You take off without any effort or ceremony and the e-C3 makes brisk progress until it reaches its prescribed top speed of 107km/hr. Regardless of Eco or Standard mode selected, power and speed build up linearly and you don’t get the shove in your seat feeling when you stomp your foot down. Calibrated for first-time EV buyers and city commuters, this is actually a smart decision by Citroen and it’s also evident in how the regenerative braking feels. The 57hp motor produces 143Nm of torque and all that torque is harnessed to maximise efficiency, not necessarily make you a boy racer at the stop lights. Take your foot off the throttle and you will soon start seeing the battery charge percentage creeping up, indicating power being put back into the battery pack. During this process, the braking itself feels like any regular engined car, unlike the head bob you feel in other EVs when you lift off. There are no selectable Regen modes, but using the Eco drive mode and maintaining a steady throttle control will swing the digital meters heavily in the favour of battery, getting you closer to the claimed range figure. 

In our relatively short loop around the test track and limited time, it was impossible to gauge how the real-world range would be affected by different topography and driving styles. But what we could test out was steering feel, high-speed stability and cornering…all of which seemed class-leading. With adequate weight, the steering is direct and even turn-in is sharp enough, the wheels not protesting mid-corner. Wind and tyre noise, even at max speed, never got intrusive into the cabin either.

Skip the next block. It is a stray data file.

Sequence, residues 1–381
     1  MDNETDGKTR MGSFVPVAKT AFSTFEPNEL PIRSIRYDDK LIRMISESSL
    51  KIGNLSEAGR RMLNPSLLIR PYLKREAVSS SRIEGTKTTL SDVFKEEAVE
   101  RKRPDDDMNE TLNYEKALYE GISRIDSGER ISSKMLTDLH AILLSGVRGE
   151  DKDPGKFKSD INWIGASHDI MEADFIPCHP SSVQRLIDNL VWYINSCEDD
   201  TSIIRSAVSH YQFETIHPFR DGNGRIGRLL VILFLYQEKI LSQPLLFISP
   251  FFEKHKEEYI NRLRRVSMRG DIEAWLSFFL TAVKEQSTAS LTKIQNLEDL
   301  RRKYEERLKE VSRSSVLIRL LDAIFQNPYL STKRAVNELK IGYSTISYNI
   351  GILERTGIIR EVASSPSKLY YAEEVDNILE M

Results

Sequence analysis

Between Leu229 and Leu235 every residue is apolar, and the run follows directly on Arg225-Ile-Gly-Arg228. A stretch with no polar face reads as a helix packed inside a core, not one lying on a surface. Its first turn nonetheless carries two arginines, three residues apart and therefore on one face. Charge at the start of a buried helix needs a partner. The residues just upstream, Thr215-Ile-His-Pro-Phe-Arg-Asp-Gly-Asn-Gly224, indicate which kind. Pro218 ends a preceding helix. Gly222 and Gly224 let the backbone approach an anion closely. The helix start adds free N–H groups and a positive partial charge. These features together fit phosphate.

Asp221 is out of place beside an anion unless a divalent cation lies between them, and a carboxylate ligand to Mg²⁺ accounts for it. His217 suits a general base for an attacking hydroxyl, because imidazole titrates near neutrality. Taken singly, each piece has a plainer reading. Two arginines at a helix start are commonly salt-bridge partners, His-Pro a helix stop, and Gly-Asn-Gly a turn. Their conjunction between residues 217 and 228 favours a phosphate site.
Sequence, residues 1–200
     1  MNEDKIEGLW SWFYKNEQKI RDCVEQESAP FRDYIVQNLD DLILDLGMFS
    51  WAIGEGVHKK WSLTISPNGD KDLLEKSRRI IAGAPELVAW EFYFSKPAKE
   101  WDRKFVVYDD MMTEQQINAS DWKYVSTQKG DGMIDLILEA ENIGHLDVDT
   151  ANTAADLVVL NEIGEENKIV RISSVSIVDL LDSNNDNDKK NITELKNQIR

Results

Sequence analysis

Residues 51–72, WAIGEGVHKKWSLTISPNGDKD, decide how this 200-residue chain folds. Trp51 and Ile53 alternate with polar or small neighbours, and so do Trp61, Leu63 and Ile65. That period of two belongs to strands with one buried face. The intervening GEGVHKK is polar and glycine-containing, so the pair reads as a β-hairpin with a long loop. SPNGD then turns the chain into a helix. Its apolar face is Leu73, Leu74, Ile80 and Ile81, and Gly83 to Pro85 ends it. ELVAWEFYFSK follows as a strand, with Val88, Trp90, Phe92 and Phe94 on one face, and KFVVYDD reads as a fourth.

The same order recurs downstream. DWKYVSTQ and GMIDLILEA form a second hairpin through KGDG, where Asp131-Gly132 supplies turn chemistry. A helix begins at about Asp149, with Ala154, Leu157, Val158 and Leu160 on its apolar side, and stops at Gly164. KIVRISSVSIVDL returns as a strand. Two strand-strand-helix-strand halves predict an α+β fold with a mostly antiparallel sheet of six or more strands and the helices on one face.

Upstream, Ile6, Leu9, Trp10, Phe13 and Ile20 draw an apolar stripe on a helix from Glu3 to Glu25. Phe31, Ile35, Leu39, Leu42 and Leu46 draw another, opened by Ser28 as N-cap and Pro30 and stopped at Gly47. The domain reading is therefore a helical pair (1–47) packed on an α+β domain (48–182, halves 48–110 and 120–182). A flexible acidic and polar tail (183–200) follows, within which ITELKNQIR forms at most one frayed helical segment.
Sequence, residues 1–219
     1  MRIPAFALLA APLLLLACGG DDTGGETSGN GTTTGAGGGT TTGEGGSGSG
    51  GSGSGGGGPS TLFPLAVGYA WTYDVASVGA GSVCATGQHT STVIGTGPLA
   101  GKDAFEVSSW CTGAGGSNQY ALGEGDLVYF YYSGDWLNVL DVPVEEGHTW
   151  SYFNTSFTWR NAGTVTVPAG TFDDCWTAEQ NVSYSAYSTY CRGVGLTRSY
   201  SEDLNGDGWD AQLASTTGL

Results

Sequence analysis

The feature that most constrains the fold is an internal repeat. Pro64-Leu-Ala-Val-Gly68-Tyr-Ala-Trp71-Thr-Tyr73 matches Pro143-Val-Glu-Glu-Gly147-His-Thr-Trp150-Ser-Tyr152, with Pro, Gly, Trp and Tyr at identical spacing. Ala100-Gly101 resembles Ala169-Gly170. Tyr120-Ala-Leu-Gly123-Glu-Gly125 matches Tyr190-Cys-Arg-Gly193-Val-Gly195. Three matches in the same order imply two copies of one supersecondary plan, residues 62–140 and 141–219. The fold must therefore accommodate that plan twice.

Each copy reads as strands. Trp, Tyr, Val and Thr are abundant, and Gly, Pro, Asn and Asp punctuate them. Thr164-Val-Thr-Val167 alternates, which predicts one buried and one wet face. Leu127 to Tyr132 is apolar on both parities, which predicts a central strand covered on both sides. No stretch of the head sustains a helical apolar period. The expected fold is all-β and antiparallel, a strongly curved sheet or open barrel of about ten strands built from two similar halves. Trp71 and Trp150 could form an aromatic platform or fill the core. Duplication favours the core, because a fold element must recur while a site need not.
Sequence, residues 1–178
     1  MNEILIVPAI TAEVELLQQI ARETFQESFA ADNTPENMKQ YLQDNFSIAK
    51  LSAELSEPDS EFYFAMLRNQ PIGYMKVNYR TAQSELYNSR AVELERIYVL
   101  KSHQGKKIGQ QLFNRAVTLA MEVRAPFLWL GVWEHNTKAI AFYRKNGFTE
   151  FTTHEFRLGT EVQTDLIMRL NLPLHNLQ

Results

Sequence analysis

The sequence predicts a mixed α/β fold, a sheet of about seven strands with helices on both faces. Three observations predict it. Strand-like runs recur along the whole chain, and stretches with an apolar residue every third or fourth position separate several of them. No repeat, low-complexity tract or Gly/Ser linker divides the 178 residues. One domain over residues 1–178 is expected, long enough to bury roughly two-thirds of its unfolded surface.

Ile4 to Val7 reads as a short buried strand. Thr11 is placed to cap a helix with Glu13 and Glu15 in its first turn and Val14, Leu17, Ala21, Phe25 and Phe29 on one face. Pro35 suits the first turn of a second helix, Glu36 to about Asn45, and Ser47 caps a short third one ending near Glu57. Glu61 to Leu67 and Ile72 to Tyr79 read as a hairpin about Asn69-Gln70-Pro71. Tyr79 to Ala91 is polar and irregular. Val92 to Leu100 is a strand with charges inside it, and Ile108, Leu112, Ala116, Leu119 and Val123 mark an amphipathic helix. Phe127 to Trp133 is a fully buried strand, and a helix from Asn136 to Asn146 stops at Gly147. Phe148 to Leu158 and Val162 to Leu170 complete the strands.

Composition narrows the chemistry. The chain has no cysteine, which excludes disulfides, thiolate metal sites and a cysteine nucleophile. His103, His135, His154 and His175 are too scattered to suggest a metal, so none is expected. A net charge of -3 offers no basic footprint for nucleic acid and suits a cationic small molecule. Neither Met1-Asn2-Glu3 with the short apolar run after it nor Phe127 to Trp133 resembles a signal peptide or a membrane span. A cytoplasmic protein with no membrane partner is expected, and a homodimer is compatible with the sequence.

Being a Citroen, our monocle was set on suspension tuning, but again, due to the test drive being on a track, we can’t really verify the “flying carpet” ride quality that is the mainstay of Citroen’s history. The ground clearance is a shade lower than the regular C3 at 170mm but this shouldn’t pose a problem out on the streets. Cabin comfort is reasonable with supportive seats and steering that adjusts for rake but most importantly, a tropicalised AC that is designed to be effective even in the peak of Delhi summer. You could lament the lack of an armrest or wireless charging but overall, it manages to convince you that you got what you need.

Rear seat space is a bit tight, especially with a tall driver or passenger up front, so that needs consideration depending on specific family needs.


Since the air-cooled battery is designed to accept 100% DC fast charging, what it means is that you could keep the e-C3 charged up to 100% all the time without having to worry about battery age or deterioration. Accepting a max charge speed of 30kWh, the e-C3 can be topped from 10% to 80% in 57 minutes, but if you’re using a home 15A wall outlet, expect a leisurely ten hours or more. The car is bundled with a 3.3kWh home charging cable to enable this, but any Citroen dealership will host you for a fast charge, should you be living close enough to accept their hospitality.


With personality and dimensions that are tailor-made for the urban solo commuter, the Citroen e-C3 is certainly an attractive package. But then, so is the Tata Tiago EV. What sets them apart from each other is the playfulness in design and customisation, which is down to personal preference and in many cases, service and charging network may swing your decision one way or the other. The e-C3 should be priced aggressively when it is officially launched in February but until then, if you’re a budget EV shopper, time to start doing your homework!

Stuff Says

A cheerful city runabout that is capable of reflecting your personality. Could use a bit more grunt in the motor though.
Good stuff
Bad stuff
  1. Plenty of colour and customisation options

  1. Drive selector is slick and the drive is smooth

  1. Wireless phone mirroring in this segment

  1. Some ergonomic quirks, no auto climate control

  1. Could use more pep in the motor

  1. Rear seat legroom

Acceleration: 0-100 in 6.8secs
Battery capacity: 29.2kWh
Power: 57hp
Range: 320kms
Top speed: 107 km/hr
Torque: 143Nm